September 19, 2020

One of the main Spanish health start-ups warns of the risk of “new hard quarantines”

Atrys Health, one of the health sector start-ups with the greatest projection, has warned of the risk of “a scenario of new waves that entail new hard quarantines of similar duration to that of the first wave in Spain” due to the expansion of the coronavirus.

The notice appears in the “risks” section of the prospectus for a recent 50 million euro bond issue carried out by this Spanish firm, which is listed on the Alternative Stock Market (MAB) for expanding companies.

In the document, Atrys assures that this scenario of “new hard quarantines” should not put its liquidity levels or the fulfillment of its financial commitments at risk. It is the first time that the company has issued this warning for a crisis whose duration it initially estimated at about three months.

The company has first-hand information on the healthcare sector through its Smart Data division, which has recently worked selflessly with three regional governments (it does not identify them for “confidentiality” reasons) in the development of predictive models on the evolution of the coronavirus to “estimate, using mathematical models, the number of COVID-19 cases, the daily number of hospital beds and ICUs”.

“This has allowed regional governments to make strategic decisions during the first wave of the pandemic,” he explains in the brochure sent to the Fixed Income market. The firm owns BigPac, “the most important database of clinical records in Spain with which health studies of high strategic value are carried out”. This tool “provides information at both the hospital and primary care level.” With it, it offers all kinds of analysis and reports for the pharmaceutical industry.

Coronavirus test

Founded in 2007 and headquartered in Madrid, Atrys Health specializes in telemedicine and radiodiagnosis, although with the outbreak the pandemic quickly redirected part of its activity to conducting tests for the coronavirus. Since April, the company has carried out around 10,000 tests of this type. “The bulk of the tests are being carried out at the request of companies that have wanted to test their employees, although we have also carried out free tests in several nursing homes in Madrid, Barcelona,” indicate company sources.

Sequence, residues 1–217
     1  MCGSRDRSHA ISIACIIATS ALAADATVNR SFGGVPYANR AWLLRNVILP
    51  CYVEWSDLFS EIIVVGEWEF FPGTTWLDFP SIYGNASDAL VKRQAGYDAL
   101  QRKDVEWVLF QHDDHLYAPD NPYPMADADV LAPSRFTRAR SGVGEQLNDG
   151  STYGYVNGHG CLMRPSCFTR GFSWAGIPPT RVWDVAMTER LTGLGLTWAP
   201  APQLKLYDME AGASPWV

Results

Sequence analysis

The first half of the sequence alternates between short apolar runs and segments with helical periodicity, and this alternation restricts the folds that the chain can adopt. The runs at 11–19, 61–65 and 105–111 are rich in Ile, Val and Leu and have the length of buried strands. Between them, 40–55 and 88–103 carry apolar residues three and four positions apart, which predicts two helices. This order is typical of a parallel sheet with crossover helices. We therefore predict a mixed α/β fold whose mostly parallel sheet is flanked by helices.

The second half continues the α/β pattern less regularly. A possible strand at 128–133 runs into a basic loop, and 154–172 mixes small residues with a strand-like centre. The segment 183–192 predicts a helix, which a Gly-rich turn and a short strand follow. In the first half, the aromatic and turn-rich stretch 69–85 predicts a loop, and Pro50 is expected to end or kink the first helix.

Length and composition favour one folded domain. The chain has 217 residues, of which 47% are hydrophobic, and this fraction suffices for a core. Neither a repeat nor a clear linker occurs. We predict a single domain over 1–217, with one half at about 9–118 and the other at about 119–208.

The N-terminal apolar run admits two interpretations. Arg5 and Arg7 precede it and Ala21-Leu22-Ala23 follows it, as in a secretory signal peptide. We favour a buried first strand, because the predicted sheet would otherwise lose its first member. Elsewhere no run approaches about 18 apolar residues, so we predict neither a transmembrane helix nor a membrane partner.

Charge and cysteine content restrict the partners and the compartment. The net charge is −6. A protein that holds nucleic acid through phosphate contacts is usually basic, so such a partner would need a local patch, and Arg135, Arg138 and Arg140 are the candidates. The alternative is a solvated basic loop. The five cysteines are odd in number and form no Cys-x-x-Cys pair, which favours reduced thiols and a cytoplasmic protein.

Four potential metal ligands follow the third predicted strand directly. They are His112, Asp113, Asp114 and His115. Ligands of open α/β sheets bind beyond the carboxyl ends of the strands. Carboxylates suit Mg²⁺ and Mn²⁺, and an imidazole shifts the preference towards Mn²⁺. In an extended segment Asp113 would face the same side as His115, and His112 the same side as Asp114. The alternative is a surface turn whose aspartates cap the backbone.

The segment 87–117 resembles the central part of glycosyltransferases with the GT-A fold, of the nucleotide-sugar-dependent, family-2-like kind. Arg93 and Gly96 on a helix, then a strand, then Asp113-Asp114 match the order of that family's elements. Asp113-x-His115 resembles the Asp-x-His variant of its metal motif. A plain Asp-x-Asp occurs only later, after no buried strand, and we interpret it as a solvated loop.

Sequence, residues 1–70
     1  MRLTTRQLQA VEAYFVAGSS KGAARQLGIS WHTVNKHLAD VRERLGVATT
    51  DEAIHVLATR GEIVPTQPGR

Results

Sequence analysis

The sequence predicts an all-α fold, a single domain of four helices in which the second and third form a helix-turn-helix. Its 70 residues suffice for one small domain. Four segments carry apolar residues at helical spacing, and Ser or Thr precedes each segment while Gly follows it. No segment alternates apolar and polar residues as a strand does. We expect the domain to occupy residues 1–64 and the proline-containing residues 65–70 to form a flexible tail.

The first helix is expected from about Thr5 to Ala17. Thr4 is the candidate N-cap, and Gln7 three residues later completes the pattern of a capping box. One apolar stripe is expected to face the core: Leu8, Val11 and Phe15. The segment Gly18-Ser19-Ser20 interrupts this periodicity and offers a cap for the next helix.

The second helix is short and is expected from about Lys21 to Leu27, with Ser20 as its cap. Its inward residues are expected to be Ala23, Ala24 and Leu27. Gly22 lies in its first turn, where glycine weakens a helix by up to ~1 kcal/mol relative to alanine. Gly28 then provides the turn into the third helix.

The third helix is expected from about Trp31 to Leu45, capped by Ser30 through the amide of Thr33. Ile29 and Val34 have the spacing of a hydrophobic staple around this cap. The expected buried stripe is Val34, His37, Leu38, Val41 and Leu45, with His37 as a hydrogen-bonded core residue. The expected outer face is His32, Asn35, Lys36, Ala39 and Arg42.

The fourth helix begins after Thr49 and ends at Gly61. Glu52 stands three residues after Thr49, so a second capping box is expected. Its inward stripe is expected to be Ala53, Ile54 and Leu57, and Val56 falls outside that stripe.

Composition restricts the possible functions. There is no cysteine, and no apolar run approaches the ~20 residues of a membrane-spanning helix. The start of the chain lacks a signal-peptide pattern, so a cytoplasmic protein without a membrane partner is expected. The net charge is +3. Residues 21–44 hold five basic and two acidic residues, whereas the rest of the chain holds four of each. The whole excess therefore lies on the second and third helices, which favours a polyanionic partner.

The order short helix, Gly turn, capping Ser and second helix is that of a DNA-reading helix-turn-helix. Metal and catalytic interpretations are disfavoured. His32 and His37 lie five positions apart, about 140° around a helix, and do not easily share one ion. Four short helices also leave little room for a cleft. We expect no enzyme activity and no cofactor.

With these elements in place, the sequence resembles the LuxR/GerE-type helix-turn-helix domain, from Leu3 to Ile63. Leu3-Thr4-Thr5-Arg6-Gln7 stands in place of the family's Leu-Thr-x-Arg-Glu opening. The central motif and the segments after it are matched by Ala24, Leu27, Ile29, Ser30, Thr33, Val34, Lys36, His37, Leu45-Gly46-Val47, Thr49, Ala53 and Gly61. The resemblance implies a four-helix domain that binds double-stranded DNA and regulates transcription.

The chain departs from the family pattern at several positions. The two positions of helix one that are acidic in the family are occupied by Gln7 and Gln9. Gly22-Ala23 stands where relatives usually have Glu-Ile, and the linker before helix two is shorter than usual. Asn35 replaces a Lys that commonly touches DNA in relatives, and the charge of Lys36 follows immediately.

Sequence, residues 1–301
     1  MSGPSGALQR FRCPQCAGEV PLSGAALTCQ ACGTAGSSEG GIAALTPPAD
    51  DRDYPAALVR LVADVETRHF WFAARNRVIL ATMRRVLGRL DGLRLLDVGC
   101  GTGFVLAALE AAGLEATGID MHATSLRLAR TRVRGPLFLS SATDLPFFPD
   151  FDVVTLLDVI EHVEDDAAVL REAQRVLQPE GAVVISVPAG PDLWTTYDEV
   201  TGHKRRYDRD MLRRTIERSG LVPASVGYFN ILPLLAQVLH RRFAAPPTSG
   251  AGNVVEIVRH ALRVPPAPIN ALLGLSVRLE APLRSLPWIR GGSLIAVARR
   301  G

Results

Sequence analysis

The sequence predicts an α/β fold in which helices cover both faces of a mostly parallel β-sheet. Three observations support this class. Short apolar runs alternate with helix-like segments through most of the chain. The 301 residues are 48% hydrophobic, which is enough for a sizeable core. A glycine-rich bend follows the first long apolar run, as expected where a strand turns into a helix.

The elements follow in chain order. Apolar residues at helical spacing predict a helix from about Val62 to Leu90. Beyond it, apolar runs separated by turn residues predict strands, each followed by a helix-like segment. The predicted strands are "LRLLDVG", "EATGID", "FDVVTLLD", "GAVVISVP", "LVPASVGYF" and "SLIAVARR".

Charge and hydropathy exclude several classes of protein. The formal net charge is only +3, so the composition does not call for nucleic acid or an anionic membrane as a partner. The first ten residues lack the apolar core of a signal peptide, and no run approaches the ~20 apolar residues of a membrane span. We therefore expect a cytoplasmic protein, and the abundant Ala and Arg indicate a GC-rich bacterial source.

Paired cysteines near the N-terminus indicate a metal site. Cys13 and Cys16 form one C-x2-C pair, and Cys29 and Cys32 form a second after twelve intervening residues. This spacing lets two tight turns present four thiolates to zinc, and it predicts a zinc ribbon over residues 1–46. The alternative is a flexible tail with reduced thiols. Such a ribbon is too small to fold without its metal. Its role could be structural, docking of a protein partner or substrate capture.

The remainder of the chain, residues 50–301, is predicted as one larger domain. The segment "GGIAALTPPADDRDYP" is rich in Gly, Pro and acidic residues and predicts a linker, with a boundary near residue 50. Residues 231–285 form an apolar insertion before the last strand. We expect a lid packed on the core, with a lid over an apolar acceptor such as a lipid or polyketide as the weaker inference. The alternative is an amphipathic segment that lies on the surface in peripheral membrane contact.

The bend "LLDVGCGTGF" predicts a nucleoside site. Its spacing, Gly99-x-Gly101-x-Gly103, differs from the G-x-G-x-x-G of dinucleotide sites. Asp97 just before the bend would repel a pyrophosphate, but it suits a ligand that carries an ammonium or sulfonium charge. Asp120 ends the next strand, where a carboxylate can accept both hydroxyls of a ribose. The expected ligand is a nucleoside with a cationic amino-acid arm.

“Our response to COVID-19 has also gone through the remote diagnosis of CT and chest X-rays of patients with coronavirus in public and private hospitals through our teleradiology division,” these sources add.

In the field of R&D, the company has been developing in recent months, together with researchers from the Complutense University of Madrid and the University of Granada, a portable device for rapid and low-cost diagnosis to detect infection in less than 15 minutes based on graphene technology. She has also worked on a second test that measures the degree of immunity of patients diagnosed or suspected of having contracted the disease, developed together with the Leitat technology center and the Vithas hospital group.

Atrys was included by the Financial times in the 2019 edition of its traditional ranking with the 1,000 European companies with higher growth. It has been listed on the MAB since 2016 and the objective has been to jump to the Continuous Market, which brings together medium-sized companies. With a turnover of 20.8 million euros in 2019, its expansion has been based on organic growth and purchases from other companies. The latest, that of the Chilean ITMS, was announced in June and will allow it to double its size.

The company, whose annual profitability reaches 38%, is one of the most bullish on the MAB in 2020, in a year of sharp falls in the stock markets. Since its debut, it has tripled its market value, to the current 231 million. Its main shareholders are the investment fund Inveready (14%), the insurance company Caser (12.36%) and the Onchena fund (6.2%), owned by the Ybarra Careaga family, one of the richest in Spain.


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